Victoria’s Secret “Bombshell” brand perfume may be designed to attract men, but surprising new research has found it repels mosquitoes as effectively as commercially manufactured bug repellents.
New Mexico State University scientists who tested 10 commercially available products for their effectiveness at repelling mosquitoes, found — as expected — that products containing DEET were effective in keeping the bugs away. But they also found the some do not work as well as manufacturers claim and that the lingerie maker’s perfume — as well as Avon’s Skin So Soft Bath Oil — also kept mosquitoes at bay.
The results on those non-repellant products, published in the Journal of Insect Science, came as a surprise to researchers, who expected they would actually attract the bugs.
"Our results challenge the notion that floral perfume-scented sprays, in general, attract mosquitoes," the authors wrote. "Floral fragrances may provide a masking odor resulting in low mosquito attraction rates, but over a shorter duration of time."
They added: "The results of this study show that not all commercially available mosquito repellents are effective in repelling mosquitoes and that efficacy is also dependent on the species of mosquito that is repelled."
For the study, researchers tested three products containing DEET (Repel 100 Insect Repellent, OFF Deep Woods Insect Repellent VIII, and Cutter Skinsations Insect Repellent) and four natural products without it (Cutter Natural Insect Repellent, EcoSmart Organic Insect Repellent, Cutter Lemon Eucalyptus Insect Repellent, and Avon Skin So Soft Bug Guard).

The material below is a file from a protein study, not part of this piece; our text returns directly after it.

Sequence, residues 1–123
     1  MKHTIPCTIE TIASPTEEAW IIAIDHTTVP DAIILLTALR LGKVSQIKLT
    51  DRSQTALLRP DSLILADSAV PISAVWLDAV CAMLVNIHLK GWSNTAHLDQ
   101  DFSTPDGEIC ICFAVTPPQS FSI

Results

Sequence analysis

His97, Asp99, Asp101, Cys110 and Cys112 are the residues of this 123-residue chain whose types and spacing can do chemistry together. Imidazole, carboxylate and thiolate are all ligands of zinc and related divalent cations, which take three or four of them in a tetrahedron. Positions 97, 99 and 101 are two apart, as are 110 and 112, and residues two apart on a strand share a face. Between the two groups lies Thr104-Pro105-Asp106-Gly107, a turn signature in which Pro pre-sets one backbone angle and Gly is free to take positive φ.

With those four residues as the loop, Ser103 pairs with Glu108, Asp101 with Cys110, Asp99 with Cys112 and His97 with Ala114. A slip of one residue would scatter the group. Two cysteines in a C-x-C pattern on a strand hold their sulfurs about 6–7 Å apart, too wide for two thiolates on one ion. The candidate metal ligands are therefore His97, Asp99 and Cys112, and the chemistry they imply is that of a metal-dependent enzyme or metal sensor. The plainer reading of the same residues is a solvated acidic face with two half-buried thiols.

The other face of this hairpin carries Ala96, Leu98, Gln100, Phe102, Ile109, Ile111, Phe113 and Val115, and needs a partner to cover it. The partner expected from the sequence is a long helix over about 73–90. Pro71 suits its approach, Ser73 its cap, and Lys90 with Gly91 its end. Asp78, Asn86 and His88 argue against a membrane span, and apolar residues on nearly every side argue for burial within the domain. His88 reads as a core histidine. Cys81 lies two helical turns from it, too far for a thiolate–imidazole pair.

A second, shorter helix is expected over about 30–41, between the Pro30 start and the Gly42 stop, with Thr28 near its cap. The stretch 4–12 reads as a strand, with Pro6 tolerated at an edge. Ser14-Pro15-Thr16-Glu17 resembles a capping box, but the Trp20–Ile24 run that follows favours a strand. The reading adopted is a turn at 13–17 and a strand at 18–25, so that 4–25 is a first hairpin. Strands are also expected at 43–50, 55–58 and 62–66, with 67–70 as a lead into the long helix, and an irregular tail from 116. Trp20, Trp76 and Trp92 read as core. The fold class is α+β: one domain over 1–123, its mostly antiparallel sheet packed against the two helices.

In addition, they tested Avon Skin So Soft Bath Oil, Victoria's Secret Bombshell perfume, and Mosquito Skin Patch — a skin patch with vitamin B1 as the active ingredient.
The products were tested against two mosquito species, the yellow fever mosquito (Aedes aegypti) and the Asian tiger mosquito (Aedes albopictus), both of which can spread dengue fever, chikungunya, yellow fever, and other diseases.
The researchers found that mosquitoes were strongly repelled by all products containing DEET. But for the other products, effectiveness was mixed.
On Aedes aegypti, the mosquito repellents that did not contain DEET either didn't repel them at all or didn't have a repellent effect after just 30 minutes (with the exception of Cutter Lemon Eucalyptus Insect Repellent). But the bath oil and perfume effectively repelled mosquitoes for 120 minutes.
On Aedes albopictus, two of the non-DEET repellents significantly repelled mosquitoes, as did Avon® Skin So Soft Bug Guard. While the bath oil and skin patch had no repellent effects, the perfume repelled mosquitoes for 120 minutes.
However, the authors do provide a caveat to this finding, noting that "the concentration of perfume we used in this test was rather high and that lower concentrations of the same fragrance might have different effects."
"Overall, the results from this study confirm that DEET repellents are the most effective mosquito repellents in the market,” the authors wrote.. “Although, based on the results from this study, a lemon-eucalyptus oil containing p-menthane-3,8-diol (PMD) [the active ingredient in Cutter Lemon Eucalyptus Insect Repellent] has similar efficacy to DEET repellents."
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